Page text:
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Effects of Foreign Trade Liberalization on the Productivity of Industrial Sectors in Turkey

Güzin Bayar
Emerging Markets Finance & Trade
Vol. 38, No. 5, Turkey in the Financial Liberalization Process (I) (Sep. - Oct., 2002), pp. 46-71
Published by: Taylor & Francis, Ltd.
Stable URL: http://www.jstor.org/stable/27750308
Page Count: 26
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Effects of Foreign Trade Liberalization on the Productivity of Industrial Sectors in Turkey
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Abstract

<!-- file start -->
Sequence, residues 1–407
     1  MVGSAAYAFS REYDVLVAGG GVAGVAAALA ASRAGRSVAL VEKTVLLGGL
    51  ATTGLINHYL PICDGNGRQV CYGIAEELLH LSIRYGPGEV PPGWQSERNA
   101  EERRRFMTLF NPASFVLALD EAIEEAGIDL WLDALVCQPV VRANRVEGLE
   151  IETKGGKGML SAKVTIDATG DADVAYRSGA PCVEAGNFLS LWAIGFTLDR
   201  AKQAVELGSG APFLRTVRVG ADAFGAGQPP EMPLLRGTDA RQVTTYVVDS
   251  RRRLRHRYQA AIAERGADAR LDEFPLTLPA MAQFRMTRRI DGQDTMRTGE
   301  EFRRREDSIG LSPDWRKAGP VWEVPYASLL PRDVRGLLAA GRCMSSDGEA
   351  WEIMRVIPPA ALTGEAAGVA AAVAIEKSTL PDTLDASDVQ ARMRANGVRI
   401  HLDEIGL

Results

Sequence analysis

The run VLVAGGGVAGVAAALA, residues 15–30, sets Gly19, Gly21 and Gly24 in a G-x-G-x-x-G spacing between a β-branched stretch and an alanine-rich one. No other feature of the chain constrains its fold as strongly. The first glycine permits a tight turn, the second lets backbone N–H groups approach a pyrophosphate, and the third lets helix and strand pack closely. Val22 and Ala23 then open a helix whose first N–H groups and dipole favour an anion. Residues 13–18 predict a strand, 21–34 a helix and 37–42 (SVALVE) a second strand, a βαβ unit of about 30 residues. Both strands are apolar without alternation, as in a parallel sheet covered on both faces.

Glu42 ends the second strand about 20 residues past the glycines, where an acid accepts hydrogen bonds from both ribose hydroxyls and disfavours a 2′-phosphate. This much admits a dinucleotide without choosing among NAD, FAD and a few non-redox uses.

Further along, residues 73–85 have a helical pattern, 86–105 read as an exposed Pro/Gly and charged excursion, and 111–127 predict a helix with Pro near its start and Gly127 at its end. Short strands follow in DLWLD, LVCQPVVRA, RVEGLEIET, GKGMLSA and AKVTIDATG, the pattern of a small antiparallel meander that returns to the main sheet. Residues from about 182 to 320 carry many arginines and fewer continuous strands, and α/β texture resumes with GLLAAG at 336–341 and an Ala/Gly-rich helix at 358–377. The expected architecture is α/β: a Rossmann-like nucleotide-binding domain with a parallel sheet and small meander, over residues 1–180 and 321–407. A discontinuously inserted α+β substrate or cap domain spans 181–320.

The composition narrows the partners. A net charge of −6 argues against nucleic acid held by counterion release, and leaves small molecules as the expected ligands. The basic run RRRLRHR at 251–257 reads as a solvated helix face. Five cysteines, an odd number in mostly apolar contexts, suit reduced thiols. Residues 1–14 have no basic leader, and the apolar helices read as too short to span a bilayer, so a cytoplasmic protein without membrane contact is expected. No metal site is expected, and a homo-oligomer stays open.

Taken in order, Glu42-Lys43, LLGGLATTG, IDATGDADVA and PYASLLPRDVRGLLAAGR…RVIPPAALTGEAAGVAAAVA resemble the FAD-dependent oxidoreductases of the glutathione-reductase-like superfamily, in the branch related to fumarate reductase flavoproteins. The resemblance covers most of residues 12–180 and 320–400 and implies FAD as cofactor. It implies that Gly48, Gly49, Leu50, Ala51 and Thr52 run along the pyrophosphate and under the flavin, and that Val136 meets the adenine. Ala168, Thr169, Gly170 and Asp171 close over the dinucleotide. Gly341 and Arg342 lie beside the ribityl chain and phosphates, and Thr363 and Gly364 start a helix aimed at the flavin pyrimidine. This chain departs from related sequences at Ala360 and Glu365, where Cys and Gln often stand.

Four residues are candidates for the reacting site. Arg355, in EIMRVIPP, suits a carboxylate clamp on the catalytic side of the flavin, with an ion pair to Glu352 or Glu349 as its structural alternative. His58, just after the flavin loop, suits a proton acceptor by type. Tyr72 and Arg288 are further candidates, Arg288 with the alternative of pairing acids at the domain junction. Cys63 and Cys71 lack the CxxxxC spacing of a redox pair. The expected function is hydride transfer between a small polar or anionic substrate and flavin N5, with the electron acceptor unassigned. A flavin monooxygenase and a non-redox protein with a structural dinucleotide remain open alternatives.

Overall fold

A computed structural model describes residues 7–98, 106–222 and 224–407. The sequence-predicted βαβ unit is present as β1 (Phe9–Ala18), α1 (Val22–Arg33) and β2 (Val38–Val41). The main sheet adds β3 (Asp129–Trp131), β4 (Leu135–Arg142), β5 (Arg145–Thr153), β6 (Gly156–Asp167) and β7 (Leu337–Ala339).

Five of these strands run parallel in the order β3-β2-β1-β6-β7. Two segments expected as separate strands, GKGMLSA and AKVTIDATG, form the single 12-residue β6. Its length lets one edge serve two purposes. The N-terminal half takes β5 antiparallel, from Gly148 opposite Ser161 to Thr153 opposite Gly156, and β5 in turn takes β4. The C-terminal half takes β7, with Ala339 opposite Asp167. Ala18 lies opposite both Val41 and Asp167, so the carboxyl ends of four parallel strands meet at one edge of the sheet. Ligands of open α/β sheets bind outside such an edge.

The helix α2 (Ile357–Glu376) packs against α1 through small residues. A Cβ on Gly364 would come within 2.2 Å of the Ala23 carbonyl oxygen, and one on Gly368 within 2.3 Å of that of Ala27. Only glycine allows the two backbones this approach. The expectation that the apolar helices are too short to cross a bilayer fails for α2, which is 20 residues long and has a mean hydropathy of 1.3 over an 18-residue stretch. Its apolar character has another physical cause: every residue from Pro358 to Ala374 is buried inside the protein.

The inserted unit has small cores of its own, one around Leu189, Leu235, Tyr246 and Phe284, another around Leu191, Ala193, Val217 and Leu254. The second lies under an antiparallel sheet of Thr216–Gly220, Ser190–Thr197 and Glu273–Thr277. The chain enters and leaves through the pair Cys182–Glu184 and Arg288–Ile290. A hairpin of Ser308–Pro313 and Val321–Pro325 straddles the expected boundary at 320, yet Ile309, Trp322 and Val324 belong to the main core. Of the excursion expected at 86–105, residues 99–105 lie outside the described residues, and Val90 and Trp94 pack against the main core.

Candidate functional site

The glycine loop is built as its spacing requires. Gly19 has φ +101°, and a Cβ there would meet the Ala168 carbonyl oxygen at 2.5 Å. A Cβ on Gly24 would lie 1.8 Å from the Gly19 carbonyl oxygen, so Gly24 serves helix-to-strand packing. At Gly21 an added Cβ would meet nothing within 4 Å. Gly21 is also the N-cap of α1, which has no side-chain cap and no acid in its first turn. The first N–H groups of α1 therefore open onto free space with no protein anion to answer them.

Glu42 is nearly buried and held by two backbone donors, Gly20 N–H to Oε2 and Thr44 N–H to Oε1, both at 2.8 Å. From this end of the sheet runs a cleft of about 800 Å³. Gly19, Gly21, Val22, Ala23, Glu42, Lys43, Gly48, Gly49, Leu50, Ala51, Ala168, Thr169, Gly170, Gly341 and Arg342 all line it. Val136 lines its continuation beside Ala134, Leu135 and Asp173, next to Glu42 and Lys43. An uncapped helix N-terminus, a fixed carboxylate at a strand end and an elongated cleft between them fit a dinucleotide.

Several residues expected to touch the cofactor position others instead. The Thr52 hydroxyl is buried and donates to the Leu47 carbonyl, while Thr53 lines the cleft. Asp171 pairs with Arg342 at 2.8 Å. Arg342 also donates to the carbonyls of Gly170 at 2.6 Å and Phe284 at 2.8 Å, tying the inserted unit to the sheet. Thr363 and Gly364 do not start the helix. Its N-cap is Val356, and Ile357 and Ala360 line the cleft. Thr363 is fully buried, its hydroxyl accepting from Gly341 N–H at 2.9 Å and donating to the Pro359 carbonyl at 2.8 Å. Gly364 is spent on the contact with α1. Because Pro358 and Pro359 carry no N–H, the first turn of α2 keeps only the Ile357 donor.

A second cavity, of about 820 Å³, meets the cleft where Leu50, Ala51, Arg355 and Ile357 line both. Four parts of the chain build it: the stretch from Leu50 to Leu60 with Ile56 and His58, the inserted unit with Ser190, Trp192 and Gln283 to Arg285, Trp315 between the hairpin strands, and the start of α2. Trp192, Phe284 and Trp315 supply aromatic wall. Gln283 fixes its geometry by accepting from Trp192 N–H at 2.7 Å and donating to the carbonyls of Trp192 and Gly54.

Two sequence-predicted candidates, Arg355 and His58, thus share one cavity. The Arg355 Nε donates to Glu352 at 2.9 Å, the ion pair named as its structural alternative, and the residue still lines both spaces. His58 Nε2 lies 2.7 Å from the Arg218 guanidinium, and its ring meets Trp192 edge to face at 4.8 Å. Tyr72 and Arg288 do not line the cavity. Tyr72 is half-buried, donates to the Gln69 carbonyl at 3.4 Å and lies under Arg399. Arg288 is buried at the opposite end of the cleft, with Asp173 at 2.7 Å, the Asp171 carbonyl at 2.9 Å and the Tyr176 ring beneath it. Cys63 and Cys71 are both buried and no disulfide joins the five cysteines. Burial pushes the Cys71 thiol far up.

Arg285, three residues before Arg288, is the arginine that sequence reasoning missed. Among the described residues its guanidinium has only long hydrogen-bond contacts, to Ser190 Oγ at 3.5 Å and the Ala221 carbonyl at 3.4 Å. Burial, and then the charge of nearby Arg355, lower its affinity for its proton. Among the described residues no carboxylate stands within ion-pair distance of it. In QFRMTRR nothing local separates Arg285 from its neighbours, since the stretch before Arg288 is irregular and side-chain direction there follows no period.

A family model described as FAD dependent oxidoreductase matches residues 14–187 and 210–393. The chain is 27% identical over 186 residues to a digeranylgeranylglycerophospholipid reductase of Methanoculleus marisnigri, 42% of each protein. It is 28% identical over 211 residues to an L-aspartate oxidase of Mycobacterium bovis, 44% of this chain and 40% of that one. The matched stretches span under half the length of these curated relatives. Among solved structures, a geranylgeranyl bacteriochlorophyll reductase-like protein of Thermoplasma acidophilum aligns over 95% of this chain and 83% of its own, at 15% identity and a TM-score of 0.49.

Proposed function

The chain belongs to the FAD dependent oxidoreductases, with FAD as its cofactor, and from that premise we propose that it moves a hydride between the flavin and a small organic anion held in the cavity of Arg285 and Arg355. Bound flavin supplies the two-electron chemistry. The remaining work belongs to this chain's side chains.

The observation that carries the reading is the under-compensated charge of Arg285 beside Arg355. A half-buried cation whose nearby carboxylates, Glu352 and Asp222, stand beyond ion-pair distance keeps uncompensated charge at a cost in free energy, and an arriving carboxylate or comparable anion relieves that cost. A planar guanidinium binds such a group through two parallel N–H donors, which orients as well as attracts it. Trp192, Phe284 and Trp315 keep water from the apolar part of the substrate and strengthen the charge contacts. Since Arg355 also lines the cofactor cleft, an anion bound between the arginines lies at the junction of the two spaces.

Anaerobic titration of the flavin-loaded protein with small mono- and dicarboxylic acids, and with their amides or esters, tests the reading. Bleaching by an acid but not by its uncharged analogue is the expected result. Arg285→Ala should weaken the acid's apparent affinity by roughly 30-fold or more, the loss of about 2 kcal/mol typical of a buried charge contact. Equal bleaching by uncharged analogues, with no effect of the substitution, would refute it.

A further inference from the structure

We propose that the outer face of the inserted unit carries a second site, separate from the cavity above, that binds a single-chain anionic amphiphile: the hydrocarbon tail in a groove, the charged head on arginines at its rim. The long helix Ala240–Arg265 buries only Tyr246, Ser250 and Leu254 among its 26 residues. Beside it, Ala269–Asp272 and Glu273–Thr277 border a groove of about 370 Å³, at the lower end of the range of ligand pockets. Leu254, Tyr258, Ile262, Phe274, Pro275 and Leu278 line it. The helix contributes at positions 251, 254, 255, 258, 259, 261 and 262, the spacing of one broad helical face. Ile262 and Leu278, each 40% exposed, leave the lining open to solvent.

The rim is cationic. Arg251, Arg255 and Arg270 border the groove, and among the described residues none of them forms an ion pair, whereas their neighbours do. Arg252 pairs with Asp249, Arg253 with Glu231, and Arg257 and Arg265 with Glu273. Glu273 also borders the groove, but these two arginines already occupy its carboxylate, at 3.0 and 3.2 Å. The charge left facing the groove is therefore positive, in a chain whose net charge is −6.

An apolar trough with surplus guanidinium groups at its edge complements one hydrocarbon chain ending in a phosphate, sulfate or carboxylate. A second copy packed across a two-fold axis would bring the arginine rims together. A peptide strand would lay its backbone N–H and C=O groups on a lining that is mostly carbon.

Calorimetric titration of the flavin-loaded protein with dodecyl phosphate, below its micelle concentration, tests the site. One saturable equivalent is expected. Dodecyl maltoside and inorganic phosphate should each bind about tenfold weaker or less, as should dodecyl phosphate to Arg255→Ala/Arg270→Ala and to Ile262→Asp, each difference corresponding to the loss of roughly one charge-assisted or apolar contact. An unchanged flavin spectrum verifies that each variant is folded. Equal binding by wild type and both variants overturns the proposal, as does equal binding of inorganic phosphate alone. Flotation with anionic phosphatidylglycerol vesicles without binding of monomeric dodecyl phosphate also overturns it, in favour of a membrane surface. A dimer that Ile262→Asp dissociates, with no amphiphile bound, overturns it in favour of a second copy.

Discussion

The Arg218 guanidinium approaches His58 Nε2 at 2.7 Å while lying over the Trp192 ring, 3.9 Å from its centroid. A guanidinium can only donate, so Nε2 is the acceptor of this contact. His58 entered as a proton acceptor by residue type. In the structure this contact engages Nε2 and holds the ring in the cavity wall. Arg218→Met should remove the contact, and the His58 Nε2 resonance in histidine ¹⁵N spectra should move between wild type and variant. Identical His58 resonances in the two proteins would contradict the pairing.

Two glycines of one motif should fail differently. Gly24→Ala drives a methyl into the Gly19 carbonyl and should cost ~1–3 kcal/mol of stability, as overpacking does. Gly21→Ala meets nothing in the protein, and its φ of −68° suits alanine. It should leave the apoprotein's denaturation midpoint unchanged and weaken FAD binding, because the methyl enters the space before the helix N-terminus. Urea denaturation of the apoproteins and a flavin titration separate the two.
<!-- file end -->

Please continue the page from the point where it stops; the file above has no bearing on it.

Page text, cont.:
This paper investigates the effects of foreign trade liberalization of Turkey after 1980 on the productivity of industrial sectors. The relationship is tested using panel data of twenty-eight ISIC three-digit industrial sectors for the 1974–1994 period. Two different regressions are run. The first one decomposes manufacturing output growth into its components—that is, factor use, markups, economies of scale effects, and productivity changes—and tests whether there are any shifts in one of these components after trade liberalization. The results of the analysis show that, on the basis of the available evidence, we can say that there is a positive shift in productivity and a negative shift in industrial markups after trade liberalization. Moreover, returns to scale is decreased after trade liberalization. Whereas before 1984, increasing returns to scale was the rule, after 1984, decreasing returns to scale characterizes the Turkish manufacturing industry as a whole. The second regression tries to explain price–cost margins with import penetration, capital/output ratio, and the Herfindahl index—that is, a measure of industrial concentration. All of the explanatory variables seem to have a significant effect on price–cost margins. Import penetration has a positive effect on price–cost margins, contrary to commonsense predictions. The capital/output ratio affects price–cost margins slightly negatively. The Herfindahl index is the most important factor affecting price–cost margins. As concentration in the industry increases, price–cost margins increase more than proportionately.

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